Wednesday, May 11, 2016

Living with your Young Adult Children* *and Loving It

JULIA SPENCER-FLEMING: Recent studies have shown that some 230 million parents (1) have had their young adult children (YAC) move back in with them post college. Or during college, or between stints at colleges, or after high school while they "sort themselves out," etc.

Some of them are taking the increasingly popular "Gap year," where they have enriching experiences on foreign lands, working to support themselves, with just a little help from you in the form of round trip air tickets, a Eurail pass, rent money, food money and an emergency credit card.

But more often than not, your YAC finds himself back at home(2). Full-time-with-benefits career-starting jobs are thin on the ground for young twenty-somethings, and the traditional refuge of smart liberal arts students who want to rake in the bucks - law school - is now similar to piling a mountain of twenty-dollar bills on the lawn and setting them afire. The only kid I know who got a great job right after graduation is a rocket scientist. A literal rocket scientist. So unless your YAC has a BSc from MIT, you're SOL.

So what do you do when Junior comes home with the ink still fresh on his diploma? How do you transition from parent-child to adults co-sharing a house(3) Fortunately for you, dear reader, I'm here to give you the benefit of my experience and observations.

A) Everyone needs a private space. Your YAC doesn't have to go back to her old bedroom; another area of the house may be more appropriate. (4) If your YAC wants to stay in his old room, offer to help replace high school posters of Taylor Swift or heavy metal bands with inspirational pictures of kittens hanging on branches or Chinese mountains with the words "The journey of a thousand miles begins with one step." You may want to sneak in a few job-hunting self-help books, especially ones that feature people who persevered despite near-constant rejection.(5)

B) Delineate expectations. For instance, on those occasions when The Boy doesn't have to leave early for work, he expects me to make him a delicious bacon and egg sandwich. I expect him to leave me the hell alone. Communicate these expectations clearly. I am particularly fond of the phrase, "You're an adult now, do it yourself." It's even more satisfying than the old standard, "I'm the parent, that's why."

C) Let go of your old habits of trying to regulate your YAC's sleeping and eating times. Some will come home from college with sensible, healthy habits already established, making the change to a conventional work schedule easy. (6) Others...will not. Fret not. I'm happy to report that once you have a YAC, the world is your co-parent. A week of having to rise at 6am to get to the job will do more to cure your kid's vampire-night-internet habits than any amount of lecturing from you. One morning spent doing customer service with a full-blown hangover will put an end to Three-Dollar-Thursday blow-outs.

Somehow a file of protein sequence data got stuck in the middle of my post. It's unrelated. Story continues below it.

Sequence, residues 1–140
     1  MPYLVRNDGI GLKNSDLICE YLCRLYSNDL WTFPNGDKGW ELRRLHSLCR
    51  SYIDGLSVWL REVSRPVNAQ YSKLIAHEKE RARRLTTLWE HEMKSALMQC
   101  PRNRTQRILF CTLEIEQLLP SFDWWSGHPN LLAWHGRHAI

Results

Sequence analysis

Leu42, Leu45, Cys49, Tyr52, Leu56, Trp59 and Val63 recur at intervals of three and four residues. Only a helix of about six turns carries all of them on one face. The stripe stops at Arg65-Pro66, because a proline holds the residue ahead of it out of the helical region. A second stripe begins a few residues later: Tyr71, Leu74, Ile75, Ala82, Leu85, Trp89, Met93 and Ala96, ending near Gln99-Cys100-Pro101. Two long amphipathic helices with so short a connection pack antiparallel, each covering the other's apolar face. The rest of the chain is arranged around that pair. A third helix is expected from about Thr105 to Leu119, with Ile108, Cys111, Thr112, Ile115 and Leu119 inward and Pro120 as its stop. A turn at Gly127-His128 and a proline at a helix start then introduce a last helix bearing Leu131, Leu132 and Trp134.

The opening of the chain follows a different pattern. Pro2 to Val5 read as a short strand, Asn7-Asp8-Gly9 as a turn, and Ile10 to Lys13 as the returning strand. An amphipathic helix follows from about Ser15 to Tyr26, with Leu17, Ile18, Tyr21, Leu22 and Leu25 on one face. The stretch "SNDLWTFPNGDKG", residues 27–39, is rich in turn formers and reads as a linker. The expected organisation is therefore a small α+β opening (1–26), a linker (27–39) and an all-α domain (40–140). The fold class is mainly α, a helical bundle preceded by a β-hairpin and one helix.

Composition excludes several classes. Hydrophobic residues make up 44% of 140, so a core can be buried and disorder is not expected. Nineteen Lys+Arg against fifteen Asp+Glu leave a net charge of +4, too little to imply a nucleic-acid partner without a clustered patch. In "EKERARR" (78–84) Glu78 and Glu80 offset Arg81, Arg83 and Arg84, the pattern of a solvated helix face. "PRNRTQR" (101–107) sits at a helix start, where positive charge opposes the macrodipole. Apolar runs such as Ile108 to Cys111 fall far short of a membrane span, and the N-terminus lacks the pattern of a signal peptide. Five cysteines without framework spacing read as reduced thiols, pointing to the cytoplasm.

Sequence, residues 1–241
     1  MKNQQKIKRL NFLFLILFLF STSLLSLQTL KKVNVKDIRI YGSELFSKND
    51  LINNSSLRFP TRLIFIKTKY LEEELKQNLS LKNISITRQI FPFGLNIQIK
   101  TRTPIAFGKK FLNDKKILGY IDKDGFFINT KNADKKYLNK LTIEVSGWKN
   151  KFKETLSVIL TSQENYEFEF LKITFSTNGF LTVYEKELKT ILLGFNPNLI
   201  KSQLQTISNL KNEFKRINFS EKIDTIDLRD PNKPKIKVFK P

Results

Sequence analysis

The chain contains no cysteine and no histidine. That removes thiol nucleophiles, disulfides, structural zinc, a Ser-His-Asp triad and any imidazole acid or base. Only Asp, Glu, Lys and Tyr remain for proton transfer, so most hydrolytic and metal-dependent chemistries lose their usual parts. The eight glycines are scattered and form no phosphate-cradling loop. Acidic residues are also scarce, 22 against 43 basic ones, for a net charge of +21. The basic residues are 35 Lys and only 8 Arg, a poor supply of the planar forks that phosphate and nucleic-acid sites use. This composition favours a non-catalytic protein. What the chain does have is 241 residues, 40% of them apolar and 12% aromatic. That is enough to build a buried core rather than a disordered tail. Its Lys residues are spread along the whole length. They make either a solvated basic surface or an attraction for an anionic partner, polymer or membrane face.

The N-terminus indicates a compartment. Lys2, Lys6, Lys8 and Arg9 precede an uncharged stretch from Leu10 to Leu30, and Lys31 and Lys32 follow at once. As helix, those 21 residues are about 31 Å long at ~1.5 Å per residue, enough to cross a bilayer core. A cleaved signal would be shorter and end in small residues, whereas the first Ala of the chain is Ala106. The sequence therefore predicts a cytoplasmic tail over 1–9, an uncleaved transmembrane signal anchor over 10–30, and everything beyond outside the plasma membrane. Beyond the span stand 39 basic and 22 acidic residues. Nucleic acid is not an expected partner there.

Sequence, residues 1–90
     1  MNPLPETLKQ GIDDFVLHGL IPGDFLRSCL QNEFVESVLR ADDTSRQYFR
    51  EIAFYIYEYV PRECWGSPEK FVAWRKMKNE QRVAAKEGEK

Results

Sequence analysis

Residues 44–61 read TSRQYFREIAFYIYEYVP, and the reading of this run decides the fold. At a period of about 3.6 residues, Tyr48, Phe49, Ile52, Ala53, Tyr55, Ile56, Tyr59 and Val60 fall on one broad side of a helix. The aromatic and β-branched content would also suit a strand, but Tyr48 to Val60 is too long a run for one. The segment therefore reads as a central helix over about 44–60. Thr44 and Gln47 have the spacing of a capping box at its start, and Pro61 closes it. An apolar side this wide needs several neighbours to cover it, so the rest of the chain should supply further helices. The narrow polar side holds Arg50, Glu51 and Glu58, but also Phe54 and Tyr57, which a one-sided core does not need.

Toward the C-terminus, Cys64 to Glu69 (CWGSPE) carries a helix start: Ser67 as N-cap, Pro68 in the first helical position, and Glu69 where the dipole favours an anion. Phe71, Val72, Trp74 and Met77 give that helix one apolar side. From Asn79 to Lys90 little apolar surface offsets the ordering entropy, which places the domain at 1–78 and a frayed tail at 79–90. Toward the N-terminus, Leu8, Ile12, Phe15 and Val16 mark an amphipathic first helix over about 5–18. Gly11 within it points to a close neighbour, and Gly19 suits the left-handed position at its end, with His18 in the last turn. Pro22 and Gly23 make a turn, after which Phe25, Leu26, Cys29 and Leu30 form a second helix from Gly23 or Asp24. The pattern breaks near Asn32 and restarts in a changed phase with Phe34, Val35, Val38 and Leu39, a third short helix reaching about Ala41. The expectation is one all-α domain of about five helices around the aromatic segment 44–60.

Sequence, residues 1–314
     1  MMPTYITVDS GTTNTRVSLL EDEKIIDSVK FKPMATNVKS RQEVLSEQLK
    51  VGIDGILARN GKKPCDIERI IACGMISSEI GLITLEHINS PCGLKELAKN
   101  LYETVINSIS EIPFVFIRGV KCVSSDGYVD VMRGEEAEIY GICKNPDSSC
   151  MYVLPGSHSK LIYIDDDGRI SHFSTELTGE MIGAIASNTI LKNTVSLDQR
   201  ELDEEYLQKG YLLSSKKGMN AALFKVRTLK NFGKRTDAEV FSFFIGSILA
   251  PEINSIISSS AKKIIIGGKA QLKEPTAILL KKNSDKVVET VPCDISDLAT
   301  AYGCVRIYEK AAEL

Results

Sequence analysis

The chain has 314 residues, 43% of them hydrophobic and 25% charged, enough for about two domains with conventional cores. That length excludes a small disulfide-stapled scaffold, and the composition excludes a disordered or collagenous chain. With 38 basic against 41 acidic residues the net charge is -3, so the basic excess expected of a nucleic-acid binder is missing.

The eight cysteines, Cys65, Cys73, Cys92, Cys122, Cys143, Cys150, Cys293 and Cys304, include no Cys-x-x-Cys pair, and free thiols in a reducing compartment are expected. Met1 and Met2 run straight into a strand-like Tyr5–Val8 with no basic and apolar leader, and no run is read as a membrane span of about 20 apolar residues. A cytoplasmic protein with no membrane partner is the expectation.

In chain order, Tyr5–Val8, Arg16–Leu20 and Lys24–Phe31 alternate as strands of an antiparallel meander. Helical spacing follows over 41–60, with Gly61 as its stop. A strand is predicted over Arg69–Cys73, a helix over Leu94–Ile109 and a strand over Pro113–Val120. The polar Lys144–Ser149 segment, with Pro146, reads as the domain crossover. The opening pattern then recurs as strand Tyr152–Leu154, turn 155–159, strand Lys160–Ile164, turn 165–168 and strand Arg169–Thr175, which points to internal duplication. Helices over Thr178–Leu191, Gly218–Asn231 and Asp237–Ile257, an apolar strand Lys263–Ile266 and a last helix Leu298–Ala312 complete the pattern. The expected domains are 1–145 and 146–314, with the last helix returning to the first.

D) Figure out in advance what you're going to do about visits from boyfriends/girlfriends. Unless your YAC went to a single-sex Swiss military school run by nuns, chances are good he or she has done more than hold hands.(7) The gamut of parental responses runs from giving the couple the guest room with the double bed to putting the visiting amour up at a relative's house. I myself favor the old fashioned British country house approach, where everyone has his or her own room, and I ignore any opening doors and creaking floorboards I might hear in the middle of the night.

E)  Conversely, when your YAC is all alone, treat his or her room as you would someone else's apartment. Knock and wait to be invited. Don't comment on the decor or state of cleanliness. Of course, when you are providing maid or laundry service, you can let yourself in in the absence of the room's resident. Above all, do not go in early in the morning and watch your YAC sleeping. It's creepy. Even though when they're asleep, you can see their plump rosy cheeks and they look like your little boy or girl again. So cute! But, yes, creepy.(8)

F) Try not to let your YAC get discouraged while hunting for The Starter Job. Assure him or her that no one is living at home with their parents at age thirty. (9) Avoid phrases like, "Back when I got out of college," or, "It's all about contacts. Let me call my old friend Rachel." In the first instance, most of us graduated in the go-go eighties, when if you didn't get an offer from one of the businesses swarming the campus on recruiting days, you could move on to grad school for about $5,000 a year. In the second case, your old friend Rachel is using her contacts to try to get her kids jobs. Lot's of loving support and encouragement, that's what your YAC needs.